But that isn’t why I chose it. It’s the definition of the phrase that strikes the chord. The book explores the psychology of landing in unknown territory and the experience of culture shock. I had been looking for words that described memories of my first year here; one of these was stranger, and ‘Celtic fringe’ was listed under the heading ‘foreigner’.

    The move from mainland to remote island is different for everyone, but I liked the comment made by the man we bought our house from: "You have to be a bit mad to live here, but it's a wonderful kind of madness."


     Islands in the sea (pic)



    I live in the Outer Hebrides, where buying a pair of walking boots is a serious business. For starters, I live in a house at the top of a wrecked stone path, my dog loves nothing better than a roustabout on the moors, so walking, whether on or off piste, usually involves rough terrain. If these boots are going to be made for walking in the Hebrides, they have to meet certain criteria to deal with the challenges of the landscapes. So I don’t want anything nancy; I want good strong soles, thick leather, ankle support, waterproofing and grip.

    I went first to that bastion of extreme weather clothing and footwear, the Fisherman’s Co-Op, and was immediately attracted to a pair of working, rather than walking boots that ticked all the boxes.  A couple of tiny little labels tied to one of the laces supplied all the product information available, but it was more than enough. Aimed at builders, oil-riggers and other hard outdoor labourers, the key attributes were ground down to a terse grouping of bullet-points.

    These boots were waterproof and wouldn’t let water in unless the wearer waded to a depth exceeding five inches. They were slip resistant – good – and oil-resistant – I didn’t quite understand the value of that, but guessed the target market would. They could withstand electric shock up to 450 volts. They wouldn’t melt in temperatures up to 350 degrees, or some such fantastic figure.  They had thick, hard soles, deep treads and a steel plate lining the sole for protection against chainsaws.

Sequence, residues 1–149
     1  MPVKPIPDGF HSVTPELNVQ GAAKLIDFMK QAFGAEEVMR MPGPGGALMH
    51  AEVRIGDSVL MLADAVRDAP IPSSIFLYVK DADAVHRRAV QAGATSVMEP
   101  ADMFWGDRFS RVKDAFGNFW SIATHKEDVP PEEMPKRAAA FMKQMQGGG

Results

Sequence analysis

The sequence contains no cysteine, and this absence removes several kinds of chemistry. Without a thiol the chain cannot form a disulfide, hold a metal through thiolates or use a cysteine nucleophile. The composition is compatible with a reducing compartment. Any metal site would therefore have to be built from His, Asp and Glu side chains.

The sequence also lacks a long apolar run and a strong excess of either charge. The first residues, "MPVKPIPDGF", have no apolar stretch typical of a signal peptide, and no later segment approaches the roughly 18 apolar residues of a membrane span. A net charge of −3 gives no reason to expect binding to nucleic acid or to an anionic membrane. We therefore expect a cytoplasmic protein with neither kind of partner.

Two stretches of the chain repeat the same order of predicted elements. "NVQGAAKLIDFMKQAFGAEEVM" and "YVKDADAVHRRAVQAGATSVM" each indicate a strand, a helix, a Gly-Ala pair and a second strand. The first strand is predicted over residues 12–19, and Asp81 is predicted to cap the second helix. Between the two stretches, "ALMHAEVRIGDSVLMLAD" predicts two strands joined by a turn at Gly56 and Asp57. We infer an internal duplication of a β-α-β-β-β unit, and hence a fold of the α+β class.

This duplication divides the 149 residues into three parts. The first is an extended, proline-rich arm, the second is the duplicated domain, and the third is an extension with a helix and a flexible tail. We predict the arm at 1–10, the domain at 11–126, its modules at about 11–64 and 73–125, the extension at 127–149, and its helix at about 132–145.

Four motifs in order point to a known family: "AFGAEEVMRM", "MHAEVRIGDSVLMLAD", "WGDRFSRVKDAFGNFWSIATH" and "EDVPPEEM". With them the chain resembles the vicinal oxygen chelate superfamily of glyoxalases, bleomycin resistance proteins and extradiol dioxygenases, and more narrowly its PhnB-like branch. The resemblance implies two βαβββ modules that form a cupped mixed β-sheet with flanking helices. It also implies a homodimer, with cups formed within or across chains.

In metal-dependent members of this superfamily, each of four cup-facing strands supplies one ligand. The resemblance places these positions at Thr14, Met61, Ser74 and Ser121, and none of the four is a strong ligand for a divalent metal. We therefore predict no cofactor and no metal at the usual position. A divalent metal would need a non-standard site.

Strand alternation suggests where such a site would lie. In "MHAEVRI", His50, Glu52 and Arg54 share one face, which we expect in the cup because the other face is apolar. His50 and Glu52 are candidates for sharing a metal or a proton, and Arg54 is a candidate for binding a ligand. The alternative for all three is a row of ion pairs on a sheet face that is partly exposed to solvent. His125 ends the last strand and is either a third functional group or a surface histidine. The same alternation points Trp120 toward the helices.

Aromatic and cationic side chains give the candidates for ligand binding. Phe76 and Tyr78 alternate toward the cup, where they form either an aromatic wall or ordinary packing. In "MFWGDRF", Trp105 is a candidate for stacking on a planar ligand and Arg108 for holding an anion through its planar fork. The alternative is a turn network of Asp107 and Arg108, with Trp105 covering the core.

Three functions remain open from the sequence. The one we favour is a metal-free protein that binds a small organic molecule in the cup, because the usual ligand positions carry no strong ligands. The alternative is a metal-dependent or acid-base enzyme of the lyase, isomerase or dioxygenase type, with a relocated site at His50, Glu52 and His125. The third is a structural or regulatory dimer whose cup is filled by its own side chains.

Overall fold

When I walked out in them, I felt like Superwoman. If, in the course of walking the dog, I encountered a blazing car leaking oil into my path and melting the tarmac, razor wire strewn across the road, a live electric cable dancing across the moorland, a mad Texan wielding a chainsaw, and the waters of a burst dam flooding towards me, I would not be burned, fried, cut, boiled or drowned, I would not slip or fall over, my feet would be supported - at room temperature - through every challenge, and my boots would lead me unscathed through every catastrophe.

    Disappointingly - or thankfully, depending on your perspective on dangerous encounters - the worst obstacles I dealt with in the four years I wore the boots, were a few puddles, rarely deeper than five inches, and some rough rocky paths, which failed to even scratch the indomitable footwear.

    Eventually, I gave them, still practically unscathed, to a woman who worked on vernacular building sites, and had more chances of needing the extravagant protective measures the boots afforded. But I always remember them for that first walk and the powerful promises they offered but never needed to deliver.